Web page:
The performance of Beethoven’s towering Ninth Symphony requires four outstanding soloists – and we’ve got ‘em!
Interestingly, Beethoven was the first composer to add human voices to a symphony. The Ninth is also known as the “Choral Symphony” for that reason.
And boy, what a symphony it is!
In particular, the soloists and a chorus join the orchestra in the fourth movement of the Symphony, known as “Ode to Joy.” The soloists are a soprano, alto/mezzo soprano, tenor, and bass.
The solo bass begins the fourth movement with Beethoven’s words, added at the beginning of Schiller’s poem: “O friends, no more these sounds! Let us sing songs that are more cheerful and full of joy!” And then he continues with Friedrich Schiller’s words:
Joy, lovely divine spark,
Daughter of Elysium,
With fiery rapture,
We approach your sanctuary!
Your magic reunites,
What stern custom separated;
All men shall be brothers,
Under your gentle wings.
The four soloists joining the Cape Symphony are:
Abigail Rethwisch, Soprano
Abigail is a familiar face (and voice) to Cape Symphony fans; she appeared in our “Happy Anniversary, Cape Symphony!” celebration and we’re thrilled to have her back! Abigail appears courtesy of The Metropolitan Opera. She has performed many of the classic opera roles at major companies across the country, including the title role of Lucia di Lammermoor with the Utah Opera Company. Abigail holds a Master of Music degree in Vocal Performance from Florida State University. Learn more about Abigail.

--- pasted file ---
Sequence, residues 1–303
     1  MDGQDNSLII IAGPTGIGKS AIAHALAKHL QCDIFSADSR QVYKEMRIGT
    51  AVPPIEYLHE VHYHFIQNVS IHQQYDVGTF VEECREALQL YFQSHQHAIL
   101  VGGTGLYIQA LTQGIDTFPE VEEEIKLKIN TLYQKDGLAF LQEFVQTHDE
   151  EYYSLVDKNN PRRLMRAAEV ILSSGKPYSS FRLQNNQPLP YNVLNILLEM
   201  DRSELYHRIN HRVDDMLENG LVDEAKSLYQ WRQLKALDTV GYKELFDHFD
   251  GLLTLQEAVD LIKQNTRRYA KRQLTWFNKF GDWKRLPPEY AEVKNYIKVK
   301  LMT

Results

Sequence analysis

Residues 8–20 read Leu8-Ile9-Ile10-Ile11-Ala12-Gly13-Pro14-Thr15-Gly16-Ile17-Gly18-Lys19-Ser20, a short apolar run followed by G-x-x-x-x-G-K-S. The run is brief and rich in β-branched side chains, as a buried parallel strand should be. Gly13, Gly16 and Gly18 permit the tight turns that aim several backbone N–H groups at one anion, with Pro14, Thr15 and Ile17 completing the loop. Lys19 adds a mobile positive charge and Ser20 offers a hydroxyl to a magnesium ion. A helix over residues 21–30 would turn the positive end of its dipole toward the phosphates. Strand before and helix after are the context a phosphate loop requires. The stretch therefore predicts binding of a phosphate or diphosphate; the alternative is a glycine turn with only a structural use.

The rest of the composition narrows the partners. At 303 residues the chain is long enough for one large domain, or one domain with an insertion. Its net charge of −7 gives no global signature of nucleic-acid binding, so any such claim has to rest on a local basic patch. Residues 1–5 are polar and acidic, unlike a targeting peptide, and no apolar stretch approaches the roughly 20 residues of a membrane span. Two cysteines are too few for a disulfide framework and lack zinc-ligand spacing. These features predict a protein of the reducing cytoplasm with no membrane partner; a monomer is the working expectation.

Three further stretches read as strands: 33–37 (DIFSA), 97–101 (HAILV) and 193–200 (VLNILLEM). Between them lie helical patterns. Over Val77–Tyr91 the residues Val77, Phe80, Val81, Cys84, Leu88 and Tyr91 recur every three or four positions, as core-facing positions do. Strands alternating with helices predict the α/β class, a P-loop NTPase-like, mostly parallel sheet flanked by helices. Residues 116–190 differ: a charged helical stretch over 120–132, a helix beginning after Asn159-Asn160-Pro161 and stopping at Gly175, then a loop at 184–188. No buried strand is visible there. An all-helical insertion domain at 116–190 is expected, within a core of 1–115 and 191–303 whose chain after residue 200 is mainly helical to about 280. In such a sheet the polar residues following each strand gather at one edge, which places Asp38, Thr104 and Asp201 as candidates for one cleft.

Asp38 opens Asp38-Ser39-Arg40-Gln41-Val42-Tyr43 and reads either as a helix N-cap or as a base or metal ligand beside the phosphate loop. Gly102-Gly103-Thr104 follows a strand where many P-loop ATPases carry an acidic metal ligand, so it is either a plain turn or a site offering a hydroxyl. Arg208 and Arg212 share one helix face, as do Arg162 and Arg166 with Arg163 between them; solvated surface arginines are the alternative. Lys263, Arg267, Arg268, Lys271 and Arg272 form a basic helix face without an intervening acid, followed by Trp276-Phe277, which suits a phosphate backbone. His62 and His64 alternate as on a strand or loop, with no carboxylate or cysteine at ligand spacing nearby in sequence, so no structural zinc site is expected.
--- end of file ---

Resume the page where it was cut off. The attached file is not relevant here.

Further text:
Laurel Semerdjian, Alto
Laurel makes her Cape Symphony debut with this performance, and we’re excited to welcome her! Laurel has sung some of the most famous roles in opera, including the title role in Le Tragédie de Carmen, the title role in The Rape of Lucretia, and Flora in La traviata. She has performed in renowned composer Mohammed Fairouz's Sumeida's Song, based on the play Song of Death by the Egyptian playwright Tawfiq al-Hakim, and in the title role of Benazir Bhutto in a workshop of Fairouz's Bhutto. Learn more about Laurel.
Adrian Kramer, Tenor
Adrian is also debuting with the Cape Symphony, and we’re glad to have him! Of Adrian, Opera Canada said, “Who knows where Kramer's voice will take him?” So far, it has taken him across North America, appearing in both modern and classic operas: Adrian debuted with San Diego Opera as Don José in La tragédie de Carmen and appeared as Gérard in Philip Glass’s Les enfants terribles. Adrian is the recipient of multiple awards, a six-time grant recipient from the Jacqueline Desmarais Foundation for Young Canadian Opera Singers. Learn more about Adrian.
Brandon Bell, Bass
We’re excited to work with Brandon in his Cape Symphony debut. He’s a proud alumnus of the prestigious Wolf Trap Opera Studio Artist program where, in the summer of 2015, he was seen as the English Ambassador in Corigliano’s The Ghosts of Versailles and the L’imperial Commissario in Madama Butterfly. In 2017, Brandon returned to Wolf Trap Opera to appear in the world premiere performances of Listen, Wilhelmina!, a mini-opera for children. From La traviata to Porgy & Bess, award-winning Brandon can do it all. Learn more about Brandon.